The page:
Dispatches | September 04, 2012
Rabbit Season or Duck Season: A Guide to Submissions
September 1st is the loose opening day for submissions in the literary magazine world. Some magazines open on August 1st or even October 1st. Others go for the middle, opening on August 15th or September 15th. And some magazines, like, say, this one, are open all year long. But for the most part, with the universities back in session, September 1st is thought of as the time to start getting your submissions ready to send out into the world.
All of the staff members of The Missouri Review are writers, too, so we’re constantly on both sides of the submission process: we send work out, we take work in. Because of this, here are a couple of real quick Dos and Don’ts (“There is no try” – Yoda) in regards to your submissions.
DO read the guidelines. Ours are right here. For the most part, it’s all the same from magazine to magazine—a manuscript free of coffee cup stains or donut crumbs, contact information so we can say “We want to publish this!”, etc.—but every magazine has its own peccadilloes and quirks when it comes to a submission.
DO send us your best work. Feverishly writing the first draft of your magnum opus late into the wee small hours is good. Firing that sucker off to us the next day probably isn’t. All good work needs a little refinement, a little marination. Be patient with your work.
DO NOT send inappropriate work. By that, I do not mean pornography. I mean work that fits TMR’s aesthetic. Andre Dubus, in an essay about writing and publishing, wrote that often he would write a particular scene into a story and think to himself “Well, there goes the New Yorker!” He was familiar with the work they published and knew, particularly many decades ago, that certain things would not get printed in their pages. He read the magazine. With that …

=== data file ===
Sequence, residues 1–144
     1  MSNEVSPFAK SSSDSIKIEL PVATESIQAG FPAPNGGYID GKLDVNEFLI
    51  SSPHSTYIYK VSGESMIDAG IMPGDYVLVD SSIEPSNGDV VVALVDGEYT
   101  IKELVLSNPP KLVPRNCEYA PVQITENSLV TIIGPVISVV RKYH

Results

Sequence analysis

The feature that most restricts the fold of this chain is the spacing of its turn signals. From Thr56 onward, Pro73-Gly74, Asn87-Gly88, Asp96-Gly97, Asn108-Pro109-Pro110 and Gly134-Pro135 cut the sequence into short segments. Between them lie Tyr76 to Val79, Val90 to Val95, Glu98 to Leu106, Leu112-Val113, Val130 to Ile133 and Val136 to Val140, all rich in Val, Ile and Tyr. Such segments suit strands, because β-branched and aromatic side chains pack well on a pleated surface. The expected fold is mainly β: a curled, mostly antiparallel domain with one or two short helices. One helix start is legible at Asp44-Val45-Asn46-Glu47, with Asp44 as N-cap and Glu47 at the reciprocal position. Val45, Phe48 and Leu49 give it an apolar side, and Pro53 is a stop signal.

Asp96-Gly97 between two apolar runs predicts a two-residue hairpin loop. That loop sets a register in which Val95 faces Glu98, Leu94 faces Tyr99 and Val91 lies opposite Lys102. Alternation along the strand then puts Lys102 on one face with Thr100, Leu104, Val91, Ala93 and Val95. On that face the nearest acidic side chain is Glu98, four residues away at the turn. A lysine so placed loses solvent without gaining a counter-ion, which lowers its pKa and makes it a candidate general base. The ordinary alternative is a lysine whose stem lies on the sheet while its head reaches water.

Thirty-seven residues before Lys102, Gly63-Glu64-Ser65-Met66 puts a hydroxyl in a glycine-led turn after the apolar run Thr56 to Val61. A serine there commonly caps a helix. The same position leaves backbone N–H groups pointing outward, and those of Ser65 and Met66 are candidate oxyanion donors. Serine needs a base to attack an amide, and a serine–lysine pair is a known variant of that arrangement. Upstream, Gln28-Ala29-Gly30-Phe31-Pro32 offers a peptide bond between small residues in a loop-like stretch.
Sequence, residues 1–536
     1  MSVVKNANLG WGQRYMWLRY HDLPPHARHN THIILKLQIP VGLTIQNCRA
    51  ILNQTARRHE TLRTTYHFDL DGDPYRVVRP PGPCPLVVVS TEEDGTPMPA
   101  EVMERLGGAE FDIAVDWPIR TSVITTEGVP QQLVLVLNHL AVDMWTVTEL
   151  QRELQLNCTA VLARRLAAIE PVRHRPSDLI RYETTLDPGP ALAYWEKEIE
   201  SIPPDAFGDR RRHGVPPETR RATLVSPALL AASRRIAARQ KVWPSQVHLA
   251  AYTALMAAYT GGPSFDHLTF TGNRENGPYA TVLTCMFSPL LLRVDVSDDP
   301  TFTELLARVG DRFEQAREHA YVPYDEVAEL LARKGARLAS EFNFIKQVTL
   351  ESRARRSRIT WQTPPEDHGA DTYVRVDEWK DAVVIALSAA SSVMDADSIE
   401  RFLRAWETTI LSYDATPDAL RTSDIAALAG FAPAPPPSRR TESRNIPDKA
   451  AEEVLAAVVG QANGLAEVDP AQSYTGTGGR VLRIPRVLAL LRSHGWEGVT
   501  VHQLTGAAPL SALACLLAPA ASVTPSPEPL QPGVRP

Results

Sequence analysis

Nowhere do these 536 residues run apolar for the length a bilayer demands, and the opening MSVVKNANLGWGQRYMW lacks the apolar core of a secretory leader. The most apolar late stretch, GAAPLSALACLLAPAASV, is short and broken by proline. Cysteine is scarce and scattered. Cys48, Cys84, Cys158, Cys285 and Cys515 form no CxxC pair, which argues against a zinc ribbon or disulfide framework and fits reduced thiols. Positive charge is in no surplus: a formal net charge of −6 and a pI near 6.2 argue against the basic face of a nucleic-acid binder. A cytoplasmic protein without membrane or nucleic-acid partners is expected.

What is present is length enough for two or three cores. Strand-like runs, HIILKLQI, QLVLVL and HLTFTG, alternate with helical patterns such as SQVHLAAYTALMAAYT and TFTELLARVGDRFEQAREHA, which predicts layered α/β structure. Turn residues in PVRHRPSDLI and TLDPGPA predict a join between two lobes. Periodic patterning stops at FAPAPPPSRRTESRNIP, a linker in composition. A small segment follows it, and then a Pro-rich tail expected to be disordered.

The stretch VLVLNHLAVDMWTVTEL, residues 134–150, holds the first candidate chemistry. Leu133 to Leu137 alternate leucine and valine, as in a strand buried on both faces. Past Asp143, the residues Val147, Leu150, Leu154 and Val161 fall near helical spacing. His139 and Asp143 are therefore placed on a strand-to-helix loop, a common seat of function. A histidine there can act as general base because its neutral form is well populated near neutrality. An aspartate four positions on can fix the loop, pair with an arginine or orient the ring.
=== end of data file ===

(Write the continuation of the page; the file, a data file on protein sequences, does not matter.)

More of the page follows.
DO read a copy of The Missouri Review. Every literary magazine says this, of course: always read a sample copy before submitting. And, yes, you can get our current issue here. It’s particularly important for us because we’ve had the same senior staff here for almost twenty years, and Speer has been here from the beginning. Unlike a magazine run by a graduate program, where the staff turns over completely every year, we’ve been here the whole time. A sample copy helps you.
DO consider online submissions. There are lots of good reasons to submit online, but most important is that it is so much easier to keep track of your work. Postal submissions, unfortunately, do get lost sometimes. Online submissions don’t. You don’t have to, of course: we accept paper submissions, too. In which case …
DO NOT forget a SASE. We’re not gonna track you down if you don’t include a SASE with your paper submission. We have a great big box on top of a filing cabinet in our mailing room that says NO SASE. It’s like a well for lost souls only … well, it’s just a box of battered envelopes. But you get the idea. Include a SASE!
DO be patient. Our response time is six to eight weeks, which in the lit mag biz, is pretty quick. We have four issues to fill, so we’re reading all the time. If that isn’t fast enough for you, or you want to know how fast other magazines are responding, use Duotrope to check out stats independently reported by other writers.
DO see what else we have to offer. Our website was revamped last summer—why not check out our blog (of course, you’re here now, but, you know what I mean), our podcasts, our Poem of the Week, stories like this one by Amy Hempel or this one by Russell Banks or this essay by Cheryl Strayed, our Facebook page, our Twitter feed. If you’re in the Columbia area, you’ll find us at readings at Tate Hall, Get Lost Bookshop, and Orr Street Studios. Come say “Yo!”
DO NOT hesitate to contact us. Maybe this quick and dirty guide hasn’t answered your questions. This page has all the answers, and if not, down at the bottom is an email address to contact us. We’re always happy to help.
DO keep writing. I mean, what could be more important, right?
Follow Michael on Twitter: @mpnye
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